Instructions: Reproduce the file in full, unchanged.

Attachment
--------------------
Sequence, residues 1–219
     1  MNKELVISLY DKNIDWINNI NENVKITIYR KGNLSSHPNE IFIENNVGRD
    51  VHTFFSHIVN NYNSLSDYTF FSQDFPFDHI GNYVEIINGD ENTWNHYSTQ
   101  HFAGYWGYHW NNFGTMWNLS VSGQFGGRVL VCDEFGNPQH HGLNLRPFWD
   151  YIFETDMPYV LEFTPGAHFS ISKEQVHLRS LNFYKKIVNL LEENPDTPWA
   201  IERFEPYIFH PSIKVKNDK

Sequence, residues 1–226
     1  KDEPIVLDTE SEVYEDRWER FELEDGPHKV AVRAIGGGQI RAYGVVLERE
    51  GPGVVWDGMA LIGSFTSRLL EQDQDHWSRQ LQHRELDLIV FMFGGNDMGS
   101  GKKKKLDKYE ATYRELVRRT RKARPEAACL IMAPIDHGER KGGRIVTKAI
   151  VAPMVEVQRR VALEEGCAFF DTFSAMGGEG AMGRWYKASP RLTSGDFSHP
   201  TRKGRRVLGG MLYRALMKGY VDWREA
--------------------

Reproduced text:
Sequence, residues 1–219
     1  MNKELVISLY DKNIDWINNI NENVKITIYR KGNLSSHPNE IFIENNVGRD
    51  VHTFFSHIVN NYNSLSDYTF FSQDFPFDHI GNYVEIINGD ENTWNHYSTQ
   101  HFAGYWGYHW NNFGTMWNLS VSGQFGGRVL VCDEFGNPQH HGLNLRPFWD
   151  YIFETDMPYV LEFTPGAHFS ISKEQVHLRS LNFYKKIVNL LEENPDTPWA
   201  IERFEPYIFH PSIKVKNDK

Sequence, residues 1–226
     1  KDEPIVLDTE SEVYEDRWER FELEDGPHKV AVRAIGGGQI RAYGVVLERE
    51  GPGVVWDGMA LIGSFTSRLL EQDQDHWSRQ LQHRELDLIV FMFGGNDMGS
   101  GKKKKLDKYE ATYRELVRRT RKARPEAACL IMAPIDHGER KGGRIVTKAI
   151  VAPMVEVQRR VALEEGCAFF DTFSAMGGEG AMGRWYKASP RLTSGDFSHP
   201  TRKGRRVLGG MLYRALMKGY VDWREA